The service won an award last week in the Real IT Awards “Innovation in Business” category after judges praised its focus on the user.
Property Alert, an Internet-based property monitoring system aimed to help prevent identity fraud, has been applauded for its integration of Whitehall policies with open source technologies.
The service is often used when elderly owners have left empty properties by being in hospital or a care home, by landlords and for high value properties.
If a formal request is received to change details such as the registered title or an official search is made on a certain property, users can sign up to receive alerts when this happens.
The Land Registry claims to be committed to delivering value for money without compromising on social and economic requirements, which is why they chose to offer the service for free.
Around 8000 users have currently signed up to the service, which is funded by the organisation’s commercial areas.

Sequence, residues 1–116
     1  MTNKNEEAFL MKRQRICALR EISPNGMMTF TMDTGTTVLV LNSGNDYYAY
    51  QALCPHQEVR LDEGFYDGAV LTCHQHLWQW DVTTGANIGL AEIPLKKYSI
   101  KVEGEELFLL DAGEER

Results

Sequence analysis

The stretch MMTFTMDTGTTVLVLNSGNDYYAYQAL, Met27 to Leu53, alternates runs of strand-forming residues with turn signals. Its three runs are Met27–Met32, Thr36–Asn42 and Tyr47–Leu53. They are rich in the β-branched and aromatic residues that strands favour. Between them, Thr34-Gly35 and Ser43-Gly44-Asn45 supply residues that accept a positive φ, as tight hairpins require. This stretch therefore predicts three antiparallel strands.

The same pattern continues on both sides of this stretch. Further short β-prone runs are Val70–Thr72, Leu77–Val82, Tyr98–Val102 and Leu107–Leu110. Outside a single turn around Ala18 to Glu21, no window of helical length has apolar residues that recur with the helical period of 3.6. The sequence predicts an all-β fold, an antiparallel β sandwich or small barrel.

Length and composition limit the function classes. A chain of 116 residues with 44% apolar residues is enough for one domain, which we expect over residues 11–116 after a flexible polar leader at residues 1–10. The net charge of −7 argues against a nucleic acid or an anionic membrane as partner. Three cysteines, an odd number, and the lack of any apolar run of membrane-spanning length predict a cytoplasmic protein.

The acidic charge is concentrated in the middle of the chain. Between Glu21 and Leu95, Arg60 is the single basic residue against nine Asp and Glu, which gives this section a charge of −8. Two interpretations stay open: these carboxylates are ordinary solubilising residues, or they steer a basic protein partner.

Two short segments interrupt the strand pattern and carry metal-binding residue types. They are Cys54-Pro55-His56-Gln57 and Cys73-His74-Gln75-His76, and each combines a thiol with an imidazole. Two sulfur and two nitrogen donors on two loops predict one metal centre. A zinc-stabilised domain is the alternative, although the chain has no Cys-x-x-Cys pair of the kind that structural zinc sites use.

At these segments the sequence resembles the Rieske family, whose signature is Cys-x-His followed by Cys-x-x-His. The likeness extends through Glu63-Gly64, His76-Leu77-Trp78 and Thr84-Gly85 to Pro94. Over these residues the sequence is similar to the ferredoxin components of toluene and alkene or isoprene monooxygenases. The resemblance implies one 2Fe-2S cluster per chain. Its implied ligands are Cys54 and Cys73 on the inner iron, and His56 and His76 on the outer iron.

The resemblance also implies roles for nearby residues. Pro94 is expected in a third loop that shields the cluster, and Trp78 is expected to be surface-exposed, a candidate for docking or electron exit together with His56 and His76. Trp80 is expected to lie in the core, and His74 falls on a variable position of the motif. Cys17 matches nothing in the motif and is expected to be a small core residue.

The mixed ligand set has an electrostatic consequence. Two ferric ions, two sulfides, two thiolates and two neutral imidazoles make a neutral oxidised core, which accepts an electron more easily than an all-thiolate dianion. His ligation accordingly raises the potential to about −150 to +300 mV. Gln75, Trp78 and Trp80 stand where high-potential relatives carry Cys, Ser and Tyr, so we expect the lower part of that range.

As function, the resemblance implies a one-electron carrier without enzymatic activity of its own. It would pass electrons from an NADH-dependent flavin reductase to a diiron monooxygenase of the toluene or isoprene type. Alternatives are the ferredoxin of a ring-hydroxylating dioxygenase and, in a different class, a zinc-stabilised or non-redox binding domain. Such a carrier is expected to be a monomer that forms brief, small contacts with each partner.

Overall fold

“It is an excellent example of a public body providing a public service that tackles a real problem for homeowners, delivering value and peace of mind to those who are often the most vulnerable members of the public, rather than achieving a return on investment,” claimed Land Registry CIO Rowland Combs.
“The Land Registry clearly made significant effort to understand customer and business needs and problems and responded to those by creating an innovative new digital service,” said judges at the awards.
“Furthermore, [it] challenged their technical teams to alter their skill sets, challenging [its] comfort zones and asked [it] to rapidly adopt new central government strategies around open source technologies.
“It is evident that there was clear focus on achieving benefits for [its] customers and organisation,” they added.